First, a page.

In the report, Salesian officials say that Kandi township is made up of an “influx of children who are on their own,” and that the children are “sometimes sold on the black market and exploited in the workforce.”
A home to help the children was initiated with the support of the United Nations Children's Fund (UNICEF) to accommodate the children, the June 28 report indicates.
“In collaboration with the juvenile courts of Benin, minors who are in conflict with the law and in high-risk situations are assisted by the Salesians,” SDB officials say, and add, “The border police also intercept children being trafficked from Niger and Burkina Faso.”
Don Bosco home in Kandi township mainly “relies on donations so that Salesians can provide youth with food, clothing, education and medical care,” the report indicates, adding that there are about 40 youth aged between 5 and 15.
SDB members “work with families” in view of providing “reunification when appropriate”, the June 28 report shows.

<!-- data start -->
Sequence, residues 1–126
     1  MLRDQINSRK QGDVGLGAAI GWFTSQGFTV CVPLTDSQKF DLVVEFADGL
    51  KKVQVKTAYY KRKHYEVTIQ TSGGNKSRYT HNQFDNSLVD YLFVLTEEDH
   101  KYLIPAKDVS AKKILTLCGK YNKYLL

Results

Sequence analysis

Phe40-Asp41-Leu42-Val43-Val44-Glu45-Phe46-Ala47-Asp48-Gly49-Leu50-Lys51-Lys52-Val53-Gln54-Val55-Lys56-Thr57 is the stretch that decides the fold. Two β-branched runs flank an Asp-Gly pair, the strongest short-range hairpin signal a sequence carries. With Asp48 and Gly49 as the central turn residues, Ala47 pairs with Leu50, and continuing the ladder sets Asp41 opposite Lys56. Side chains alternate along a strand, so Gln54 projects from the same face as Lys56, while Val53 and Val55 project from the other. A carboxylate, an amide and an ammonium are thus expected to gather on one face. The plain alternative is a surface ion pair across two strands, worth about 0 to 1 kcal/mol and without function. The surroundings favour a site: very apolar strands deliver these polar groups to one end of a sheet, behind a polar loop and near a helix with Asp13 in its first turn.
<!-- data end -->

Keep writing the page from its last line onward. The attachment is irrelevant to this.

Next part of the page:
The report further highlights two beneficiaries of the initiative who express their appreciation for the Salesian initiative in Kandi township.
“Thank you for your support. My housemates and I are happy to have new outfits to celebrate like other children who are with their parents,” Coco Benie, young boarder at Foyer Don Bosco in Kandi township is quoted as saying in the report.
Mounanvi Mariano, a tailor with Foyer Don Bosco who is also a beneficiary of the SDB initiative in Benin says, “Thanks to the help of Salesian Missions, I was able to get glasses which have allowed me to see better and to accelerate my learning.”
“Children in Benin face significant challenges gaining an education within the country’s poor educational system,” SDB officials say in the report.
According to UNICEF, in Benin, “About half of all children between the ages of 5 and 13 are engaged in some kind of forced labor in the country and almost 20 percent are chronically undernourished.”